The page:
1: The Soviet state, while built on laudable ideals, was no match for the venality of the selfish pigs that ran it and gladly exploited the proletariat as much than any capitalist while telling them that it was for their own good.
        2: George Orwell really wanted to fuck some horses.

    • Premium User Badge

      Phasma Felis says:

      Because you’re supposed to hate furry stuff, so if there’s furry stuff you like you have to justify it as not actually furry somehow.

    • Caiman says:

      Anthropomorphic animals does not automatically mean “furry fandom”, with all the baggage that implies. Even furry fandom doesn’t automatically mean “people in fursuits who want to fuck each other” either. These are closer to moreaus, genetically-engineered or mutated lifeforms.

      • Shadow says:

        When one of the main characters looks just like Daffy Duck, it throws plausible genetic engineering and mutation right out the window. It’s downright comical. Maybe it’s a tongue-in-cheek comedy game, but the whole context looks, at a glance, pretty serious. So it’s just confusing.

        Might be good, who knows, but I’m already finding the furry designs rather jarring in a semi-realistic environment.

        In the end, that’s what makes it more than “vaguely” furry, the attempt to put characters with cartoon levels of plausibility in an otherwise largely lifelike context and still pretend that makes sense. That’s not intrinsically bad, but the tonal dissonance and having to double down on suspension of disbelief may put some people off.

  3. Premium User Badge

    Don Reba says:

    Also, some high-res screenshots that you can click to embiggen.

    Oh, my, what other feats of technology are we going to see coming to RPS in the future?

  4. BaronKreight says:

    Interesting. Branching story paths and tactical XCOM style combat remind me of another game I’ve heard about recently – Warhammer 40K: Mechanicus.

  5. megazver says:

    > (the animal-folk of this post-nuclear world are clearly lousy at naming things

    In the newest tabletop RPG edition’s canon, they name different species after different pre-war themes. Cats, ancient Romans. Bears, famous movie people. Rabbit, famous soccer players. Etc.

    The devs seem to have gone for something else. Especially since ducks and boars aren’t on the list of the playable species in Genlab Alpha. Still, I guess I dig them, especially the looks.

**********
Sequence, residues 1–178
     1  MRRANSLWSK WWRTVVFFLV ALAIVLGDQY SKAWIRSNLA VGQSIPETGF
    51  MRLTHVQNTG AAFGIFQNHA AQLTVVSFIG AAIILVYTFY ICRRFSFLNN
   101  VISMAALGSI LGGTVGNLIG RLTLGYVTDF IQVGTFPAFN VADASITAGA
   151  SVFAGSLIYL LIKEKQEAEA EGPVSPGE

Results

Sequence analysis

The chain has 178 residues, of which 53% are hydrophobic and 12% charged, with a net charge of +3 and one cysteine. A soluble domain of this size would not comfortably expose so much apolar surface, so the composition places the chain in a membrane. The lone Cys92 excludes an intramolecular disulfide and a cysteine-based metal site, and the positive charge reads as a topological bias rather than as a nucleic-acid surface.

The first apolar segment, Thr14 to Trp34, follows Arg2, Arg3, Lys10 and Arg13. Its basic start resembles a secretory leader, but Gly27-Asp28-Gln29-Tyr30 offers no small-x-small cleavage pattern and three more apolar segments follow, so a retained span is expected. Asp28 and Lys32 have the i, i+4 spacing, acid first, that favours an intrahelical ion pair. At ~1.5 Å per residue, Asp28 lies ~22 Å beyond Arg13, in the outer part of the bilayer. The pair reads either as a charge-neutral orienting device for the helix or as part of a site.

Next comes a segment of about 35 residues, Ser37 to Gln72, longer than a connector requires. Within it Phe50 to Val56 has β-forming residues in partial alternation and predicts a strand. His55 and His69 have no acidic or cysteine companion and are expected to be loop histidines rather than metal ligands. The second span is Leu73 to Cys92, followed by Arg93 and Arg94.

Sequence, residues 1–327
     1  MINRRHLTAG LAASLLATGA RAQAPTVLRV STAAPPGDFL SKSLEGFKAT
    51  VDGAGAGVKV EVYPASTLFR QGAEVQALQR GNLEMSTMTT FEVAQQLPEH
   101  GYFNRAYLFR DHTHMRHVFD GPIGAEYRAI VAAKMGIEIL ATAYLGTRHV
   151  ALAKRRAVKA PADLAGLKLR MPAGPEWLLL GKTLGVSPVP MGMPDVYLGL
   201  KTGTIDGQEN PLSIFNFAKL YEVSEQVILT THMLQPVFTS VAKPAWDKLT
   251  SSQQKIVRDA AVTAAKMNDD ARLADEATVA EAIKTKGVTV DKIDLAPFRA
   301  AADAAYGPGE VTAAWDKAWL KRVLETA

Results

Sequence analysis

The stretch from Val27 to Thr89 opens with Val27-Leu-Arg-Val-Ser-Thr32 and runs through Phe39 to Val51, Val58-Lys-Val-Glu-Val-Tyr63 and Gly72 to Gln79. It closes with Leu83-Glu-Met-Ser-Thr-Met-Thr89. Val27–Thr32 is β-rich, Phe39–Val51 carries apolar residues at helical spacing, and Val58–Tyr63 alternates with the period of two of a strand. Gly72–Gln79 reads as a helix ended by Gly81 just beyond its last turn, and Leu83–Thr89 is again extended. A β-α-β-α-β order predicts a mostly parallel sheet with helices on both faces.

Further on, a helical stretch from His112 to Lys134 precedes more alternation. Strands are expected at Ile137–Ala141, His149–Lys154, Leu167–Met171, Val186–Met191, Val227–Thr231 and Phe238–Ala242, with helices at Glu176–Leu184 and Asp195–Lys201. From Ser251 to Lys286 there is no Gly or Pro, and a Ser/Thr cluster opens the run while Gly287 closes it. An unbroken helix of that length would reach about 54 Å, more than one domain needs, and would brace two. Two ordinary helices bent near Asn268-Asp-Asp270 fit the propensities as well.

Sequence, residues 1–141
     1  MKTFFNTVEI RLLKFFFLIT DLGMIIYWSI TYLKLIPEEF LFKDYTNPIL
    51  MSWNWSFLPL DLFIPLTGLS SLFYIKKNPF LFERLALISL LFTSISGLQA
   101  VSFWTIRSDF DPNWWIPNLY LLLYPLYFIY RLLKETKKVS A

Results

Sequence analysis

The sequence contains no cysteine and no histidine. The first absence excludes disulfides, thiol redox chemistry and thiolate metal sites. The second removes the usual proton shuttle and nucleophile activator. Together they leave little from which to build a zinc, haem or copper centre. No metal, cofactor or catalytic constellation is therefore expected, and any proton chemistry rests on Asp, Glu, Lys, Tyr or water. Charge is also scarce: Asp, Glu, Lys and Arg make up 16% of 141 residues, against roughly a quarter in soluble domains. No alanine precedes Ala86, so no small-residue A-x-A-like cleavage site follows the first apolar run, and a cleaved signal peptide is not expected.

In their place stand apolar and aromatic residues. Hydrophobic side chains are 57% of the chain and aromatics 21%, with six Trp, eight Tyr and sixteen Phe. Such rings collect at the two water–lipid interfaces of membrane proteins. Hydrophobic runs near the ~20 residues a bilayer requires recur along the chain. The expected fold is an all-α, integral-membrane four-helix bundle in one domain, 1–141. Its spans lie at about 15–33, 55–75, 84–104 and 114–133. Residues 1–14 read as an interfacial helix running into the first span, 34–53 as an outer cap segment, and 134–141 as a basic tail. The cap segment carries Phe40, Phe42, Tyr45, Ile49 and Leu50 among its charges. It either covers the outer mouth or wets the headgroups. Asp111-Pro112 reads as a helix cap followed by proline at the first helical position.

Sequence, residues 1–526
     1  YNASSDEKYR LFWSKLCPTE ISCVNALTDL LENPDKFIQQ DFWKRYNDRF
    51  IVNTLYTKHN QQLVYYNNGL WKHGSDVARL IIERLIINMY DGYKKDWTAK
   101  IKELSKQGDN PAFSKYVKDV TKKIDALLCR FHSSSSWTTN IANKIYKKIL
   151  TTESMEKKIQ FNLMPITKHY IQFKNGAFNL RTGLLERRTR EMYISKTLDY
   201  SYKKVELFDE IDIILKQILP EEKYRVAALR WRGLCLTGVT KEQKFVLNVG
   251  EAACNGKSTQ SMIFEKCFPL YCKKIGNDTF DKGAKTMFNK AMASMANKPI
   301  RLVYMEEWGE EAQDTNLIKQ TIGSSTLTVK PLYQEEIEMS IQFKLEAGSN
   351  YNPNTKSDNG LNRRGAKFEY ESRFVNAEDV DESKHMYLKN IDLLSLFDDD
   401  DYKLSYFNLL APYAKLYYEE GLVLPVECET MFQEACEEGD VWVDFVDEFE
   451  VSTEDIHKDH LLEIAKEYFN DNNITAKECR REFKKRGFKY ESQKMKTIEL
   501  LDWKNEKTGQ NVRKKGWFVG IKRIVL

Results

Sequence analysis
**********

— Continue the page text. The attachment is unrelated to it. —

• April March says:

      Oh, that’s what I wanted to know. The game seems to have animals that look vicious. Ducks… especially this specific implementation of a duck… just remind me of Howard the Duck.

      However, it just makes me wonder how closely they’ll stick to the PnP RPG’s canon.

  6. Brothabear says:

    alight guys, its GO time!

    Yeah lets fuck this duck!

    *Dux* “quack”

    S-sorry dux its just an expression…

    *Dux* “quack” “quack”

    I know, I know I’ll remember next time, sorry.

  7. pookie101 says:

    Now we just need a full “After the Bomb” game. Picture mutant animals meet Mad max :)

  8. Railway Rifle says:

    This looks cool, especially its interestingly bizzare world.

    “the animal-folk of this post-nuclear world are clearly lousy at naming things”

    Fair point, but I’ve met an actual real person with the “greetings, fellow Earth creature” name of Anne Human. Maybe it’s like a man named Guy.

  9. Premium User Badge

    Qazinsky says:

    They got a duck! I am sorry, you’ll have to excuse my excitement, but when I was younger, school age, I used to play Drakar och Demoner. That is the Swedish version of Dungeons and Dragons (Dragons and Demons to match the naming convention). It was not an exact translation, they changed alot of it and I personally felt that the Swedish version had a more Scandinavian myths bent to it, based on the monsters and the beautiful illustrations in the books.

    And for some reason, it also had ducks. That you could play as. You had these nice illustrations of adventurers of different races, looking serious and doing heroic stuff with a Donald-looking fellow smack dab in the middle, trying in vain to not stick out like a sore thumb.

    I don’t care that they were quite fragile, I wanted to play as a duck!

    As for Mutant, i played it once, I am sure it’s a nice game, did not know it had ducks.

  10. poliovaccine says:

    Never heard of this before, not being into pen and paper games like that, but the world sounds super interesting. I am 50/50 on whether or not I go for stories with humanoid animals – when they suck, they suck, but when they’re good they can be really good. It’s a device with the potential both to allow for some incisive, symbolic meta-commentary, or else flat, cartoonish exaggeration and caricature which can be unsubtle at best and casually racist at worst. Though the fact this is apparently a preexisting, long-running IP of its own lends some reassurance that it’s one of the former and not the latter. And it sounds like they’ve gone a really interesting direction with it. Definitely intrigued, in spite of the names (what would it be like if human beings named themselves after their own species every time? Hi my name is Purson, this is my friend, Humanboy)…

  11. hfm says:

    Color me excited.

  12. Boose says:

    What a missed opportunity to name a character Boaromir

  13. soul4sale says:

    Beyond Good and Evil: The After Years

Comment on this story

HTML: Allowed code: <a href="" title=""> <abbr title=""> <acronym title=""> <b> <blockquote cite=""> <cite> <code> <del datetime=""> <em> <i> <q cite=""> <s> <strike> <strong>